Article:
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NASCAR

Drew Bonifant: Road to the Chase is a road course for Ambrose

Marcos Ambrose secures himself inside his car before the start of practice for the NASCAR Sprint Cup Series auto race Friday, June 20, 2014, in Sonoma, Calif. Ambrose wants nothing more than to break Hendrick Motorsports' four-race winning streak. His best shot comes Sunday on the road course at Sonoma Raceway, where a win could earn the Australian his first berth in the Chase for the Sprint Cup championship. (AP Photo/Eric Risberg)

Marcos Ambrose secures himself inside his car before the start of practice for the NASCAR Sprint Cup Series auto race Friday, June 20, 2014, in Sonoma, Calif. Ambrose wants nothing more than to break Hendrick Motorsports' four-race winning streak. His best shot comes Sunday on the road course at Sonoma Raceway, where a win could earn the Australian his first berth in the Chase for the Sprint Cup championship. (AP Photo/Eric Risberg)

This is the point in the season Marcos Ambrose has been waiting for.

From the moment NASCAR announced the change to its Chase for the Sprint Cup format, putting an emphasis on wins rather than accumulated points, the Australian driver has had this date circled on the calendar. Today, the Cup heads to Sonoma, Calif., a road course – the kind Ambrose excels on nearly every time he visits.

It’s his shot at contending in the fall. And he knows it.

“We know that the race here this weekend and in Watkins Glen, the two road races, are our best chance to win a race this year. That will automatically lock us into the Chase,” said Ambrose, currently 24th in the standings. “We’ve put a lot of energy and effort into Sonoma. … We’ve done some road course testing, as well, so we feel we’re as ready as we can be.”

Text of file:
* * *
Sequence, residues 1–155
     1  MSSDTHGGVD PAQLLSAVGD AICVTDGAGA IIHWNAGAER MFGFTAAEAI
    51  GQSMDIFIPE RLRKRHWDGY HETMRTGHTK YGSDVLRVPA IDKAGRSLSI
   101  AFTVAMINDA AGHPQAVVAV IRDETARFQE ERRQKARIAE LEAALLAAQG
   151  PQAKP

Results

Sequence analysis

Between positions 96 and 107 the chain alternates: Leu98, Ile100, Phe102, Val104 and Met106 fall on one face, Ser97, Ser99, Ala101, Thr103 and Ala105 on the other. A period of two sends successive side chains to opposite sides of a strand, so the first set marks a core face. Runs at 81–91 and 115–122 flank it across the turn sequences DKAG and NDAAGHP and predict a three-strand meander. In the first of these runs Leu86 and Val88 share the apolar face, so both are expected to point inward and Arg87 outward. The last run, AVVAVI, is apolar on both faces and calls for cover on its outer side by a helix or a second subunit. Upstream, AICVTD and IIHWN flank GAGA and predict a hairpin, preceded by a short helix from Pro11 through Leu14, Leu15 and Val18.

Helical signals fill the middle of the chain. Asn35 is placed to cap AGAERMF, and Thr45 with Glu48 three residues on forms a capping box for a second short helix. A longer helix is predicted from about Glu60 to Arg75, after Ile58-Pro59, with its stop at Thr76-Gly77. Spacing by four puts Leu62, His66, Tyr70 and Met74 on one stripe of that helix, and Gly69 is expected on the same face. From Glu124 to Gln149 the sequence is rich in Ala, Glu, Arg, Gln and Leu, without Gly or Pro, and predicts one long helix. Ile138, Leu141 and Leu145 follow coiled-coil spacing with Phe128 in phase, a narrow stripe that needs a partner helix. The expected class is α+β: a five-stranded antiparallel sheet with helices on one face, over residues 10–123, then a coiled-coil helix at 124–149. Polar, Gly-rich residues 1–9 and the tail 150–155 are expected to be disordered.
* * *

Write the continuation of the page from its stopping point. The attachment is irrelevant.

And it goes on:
Once it became clear that one win would likely be enough to put a driver in the Chase, the majority of Sprint Cup competitors could look at the entire regular season slate, knowing that one good day on any of those 26 dates was all they needed. For Ambrose, however, the focus was on two days: today at Sonoma and Aug. 10 at Watkins Glen, the only two road course stops on the schedule and the two venues right up Ambrose’s alley.

“My natural skill set obviously is road racing,” he said. “I’m quite confident on the ovals, but haven’t had the same success I’ve had on the road courses. Really it’s just the years of training. It’s my niche. I feel very comfortable road racing.”

It has shown. Ambrose has never made a Chase, never contended for a title, but put him on the road courses and he’s right up there with Jimmie Johnson and the best Sprint Cup has to offer. He’s won two races, both at Watkins Glen, while at Sonoma he has a 4.5 average start position, which has resulted in five top-10s in six races and an 11.8 average finish, his best at any track except – go figure – Watkins Glen.

“My talents are really good on road racing in these big, heavy stock cars. It’s been the same my whole career,” he said. “I think it’s a natural skill set for me. I have the same effort every single week. It’s just my skill set is sort of matched to road racing.”